Tuesday, February 14, 2012

Notorious Hitchcock

by Salman Hameed

On of my all time favorite films is Notorious. The story, the cinematography, the dialogue - everything is just superb. It is now out on blur-ray along with other Hitchcock classics, Spellbound and Rebecca. I was reading this article about Notorious this past Sunday and I was struck by this paragraph which illustrates the way films became a different art form than novels and plays:
It’s with Hitchcock that many of us begin to sense the presence of the director, to understand that movies are more than a matter of attractive people reciting their lines in front of a camera. Along with Orson Welles, Hitchcock is the filmmaker most responsible for making viewers aware of form, for showing us that what we have here is something distinct from novels and plays, a medium with its own things to say and its own way of saying them.
Very cool! It makes sense, and of course, Citizen Kane is a perfect example of this. The article goes on to talk about Notorious and how it switches the points of view in the film and then makes an interesting comment about authoritarian cultures. First the bit about Notorious:
“Notorious,” for example, could be considered an exercise in the artful variation of points of view, as created through camerawork that is, with one conspicuous exception, almost entirely objective. As he would do 14 years later in “Psycho” (1960, and perhaps the film most closely related to “Notorious” in the Hitchcock canon), Hitchcock begins the film with a kind of journalistic detachment, offering a precise dateline (“Miami, Florida. Three-Twenty P.M., April the Twenty-Fourth, Nineteen Hundred and Forty-Six ...”) and inviting the audience to share the predatory curiosity of the reporters and photographers waiting outside a courtroom for the “notorious” Alicia Huberman (Ingrid Bergman), the beautiful and loose-living daughter of a Nazi spy who has just been convicted of treason. 
An alcoholic with a reputation for sleeping around, Alicia is far from the typical Hollywood heroine of 1946. But Hitchcock quickly transfers our sympathy to her with a single, audacious image: at a party at her house, a dark silhouette, seen from behind, dominates the scene with a supernatural presence: this is Devlin (Cary Grant), a man without a past (or even a first name) who turns out to be a federal agent, sent to manipulate Alicia into signing up for a dangerous secret mission. As irresponsible as Alicia may be, we learn from the lighting and his position in the frame that Devlin is something much worse: a user, a schemer, a cop.
 The point of view now widens to embrace the couple, as Devlin struggles to complete his mission and get Alicia out safely. These passages become the occasion for some marvelously executed set pieces: the theft of the key, the discovery in the wine cellar, Alicia’s realization that Sebastian knows of her treachery (by now, they are married) and is slowly poisoning her.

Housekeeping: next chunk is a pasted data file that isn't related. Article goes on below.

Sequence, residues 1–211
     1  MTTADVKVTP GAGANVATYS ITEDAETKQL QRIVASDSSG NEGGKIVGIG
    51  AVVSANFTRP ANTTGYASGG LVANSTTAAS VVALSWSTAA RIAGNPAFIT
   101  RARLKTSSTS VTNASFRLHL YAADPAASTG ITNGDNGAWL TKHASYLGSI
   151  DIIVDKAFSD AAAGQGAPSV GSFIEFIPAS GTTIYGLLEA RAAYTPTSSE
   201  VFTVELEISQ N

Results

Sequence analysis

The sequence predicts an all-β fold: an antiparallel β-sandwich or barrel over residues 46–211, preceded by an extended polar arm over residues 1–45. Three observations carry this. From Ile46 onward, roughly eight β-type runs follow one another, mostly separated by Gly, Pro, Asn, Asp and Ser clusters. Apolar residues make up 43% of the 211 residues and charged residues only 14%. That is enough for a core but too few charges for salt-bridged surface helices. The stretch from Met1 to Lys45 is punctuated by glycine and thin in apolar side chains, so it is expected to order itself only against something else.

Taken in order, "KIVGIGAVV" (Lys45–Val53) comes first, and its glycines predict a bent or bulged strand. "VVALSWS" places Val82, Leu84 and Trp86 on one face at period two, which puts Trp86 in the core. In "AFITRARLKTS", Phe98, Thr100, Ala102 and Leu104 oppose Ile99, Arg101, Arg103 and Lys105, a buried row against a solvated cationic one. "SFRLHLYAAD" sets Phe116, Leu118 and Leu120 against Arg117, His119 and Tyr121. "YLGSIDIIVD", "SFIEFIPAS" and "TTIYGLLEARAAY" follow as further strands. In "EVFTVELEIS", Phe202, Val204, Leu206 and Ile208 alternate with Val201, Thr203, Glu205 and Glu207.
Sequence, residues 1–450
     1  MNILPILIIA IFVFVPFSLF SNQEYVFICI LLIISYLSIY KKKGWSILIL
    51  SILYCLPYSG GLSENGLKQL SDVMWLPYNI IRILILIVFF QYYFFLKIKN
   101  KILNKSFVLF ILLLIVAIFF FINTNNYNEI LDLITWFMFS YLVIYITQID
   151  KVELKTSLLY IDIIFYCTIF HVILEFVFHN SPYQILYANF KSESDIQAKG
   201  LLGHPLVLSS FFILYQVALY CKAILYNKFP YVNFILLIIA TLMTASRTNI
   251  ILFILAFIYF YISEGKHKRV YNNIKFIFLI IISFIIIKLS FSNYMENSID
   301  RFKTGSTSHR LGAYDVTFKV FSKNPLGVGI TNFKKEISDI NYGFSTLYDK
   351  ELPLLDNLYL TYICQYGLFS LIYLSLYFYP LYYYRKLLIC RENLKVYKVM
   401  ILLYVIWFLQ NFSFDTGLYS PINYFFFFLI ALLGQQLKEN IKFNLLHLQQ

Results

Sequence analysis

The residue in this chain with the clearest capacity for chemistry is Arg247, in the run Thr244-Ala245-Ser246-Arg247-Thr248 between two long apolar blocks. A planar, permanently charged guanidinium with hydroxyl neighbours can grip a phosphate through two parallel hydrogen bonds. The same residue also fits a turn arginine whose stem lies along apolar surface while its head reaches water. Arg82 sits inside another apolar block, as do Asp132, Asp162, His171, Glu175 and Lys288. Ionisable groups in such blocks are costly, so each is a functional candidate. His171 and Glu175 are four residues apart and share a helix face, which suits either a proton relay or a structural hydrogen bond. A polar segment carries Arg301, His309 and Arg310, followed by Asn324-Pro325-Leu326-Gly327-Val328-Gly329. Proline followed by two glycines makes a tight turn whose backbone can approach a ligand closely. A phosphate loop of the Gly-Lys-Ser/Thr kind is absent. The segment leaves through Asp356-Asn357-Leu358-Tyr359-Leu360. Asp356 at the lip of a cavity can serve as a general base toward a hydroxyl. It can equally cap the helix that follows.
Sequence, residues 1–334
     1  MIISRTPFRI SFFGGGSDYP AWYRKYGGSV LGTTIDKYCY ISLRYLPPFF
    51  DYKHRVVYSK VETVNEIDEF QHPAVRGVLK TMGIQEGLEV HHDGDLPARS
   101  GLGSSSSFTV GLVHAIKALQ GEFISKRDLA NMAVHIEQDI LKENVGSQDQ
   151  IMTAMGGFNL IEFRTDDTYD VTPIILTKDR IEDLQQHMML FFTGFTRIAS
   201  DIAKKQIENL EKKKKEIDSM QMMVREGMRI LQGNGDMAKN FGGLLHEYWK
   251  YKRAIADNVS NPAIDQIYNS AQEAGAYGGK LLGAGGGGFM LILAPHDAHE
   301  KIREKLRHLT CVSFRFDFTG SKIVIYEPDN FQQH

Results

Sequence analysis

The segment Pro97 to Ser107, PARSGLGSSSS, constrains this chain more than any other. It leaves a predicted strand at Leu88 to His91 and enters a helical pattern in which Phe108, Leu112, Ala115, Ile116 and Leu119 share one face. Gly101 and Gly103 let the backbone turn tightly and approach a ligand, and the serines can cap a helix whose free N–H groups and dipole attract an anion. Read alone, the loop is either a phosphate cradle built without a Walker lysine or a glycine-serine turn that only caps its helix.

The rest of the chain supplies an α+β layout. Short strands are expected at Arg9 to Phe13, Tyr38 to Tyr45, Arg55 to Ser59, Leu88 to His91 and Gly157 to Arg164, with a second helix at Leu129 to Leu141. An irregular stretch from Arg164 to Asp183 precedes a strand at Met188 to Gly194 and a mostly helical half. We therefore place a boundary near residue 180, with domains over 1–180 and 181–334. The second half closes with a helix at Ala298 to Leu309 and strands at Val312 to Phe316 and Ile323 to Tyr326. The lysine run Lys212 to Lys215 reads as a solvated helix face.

But Hitchcock has one more shift of perspective to execute. With the discovery of his wife’s infidelity Sebastian too has become a victim. He has loved inappropriately, against the wishes of his mother — a figure (the actress is billed as Madame Konstantin) as stern and desiccated as Mrs. Bates in “Psycho” — and now he must pay for his error.
This is what makes both Psycho and Notorious extraordinary. But the article goes further to talk about the embedded critique of suppression in the name of preserving order and morality. We see this in the rhetoric of the religious-right in the US and I'm familiar with even more pronounced debates in Pakistan (it also reminded me of the recent episode of TV vigilantism against couples in Karachi by the host of a morning TV program): 
For Hitchcock, this is nothing less than the error of being human, of having needs and feelings within an authoritarian culture, a compound of church and state, that insists on suppressing such things in the name of order and morality. At the end of “Notorious” Hitchcock doesn’t focus on the glamorous couple escaping into a future of shared romantic ecstasy but on the isolated figure of Sebastian, slowly climbing a short flight of stairs (always a weighted image in Hitchcock) on the way to facing a lonely death.
It is at such moments as this that we finally and most fully appreciate Hitchcock. Behind the dazzling entertainer, behind the peerless master of form, there is a man of great heart, who sides not with the judges but with the judged, who reserves his compassion for those unfortunate creatures — like Norman Bates in “Psycho,” Scottie Ferguson in “Vertigo,” or the entire uncomprehending population of Bodega Bay in “The Birds” — who must live under the eyes of angry gods. Which is to say, all of us.
Read the full article here and here the trailer for Notorious:


Powered by Blogger.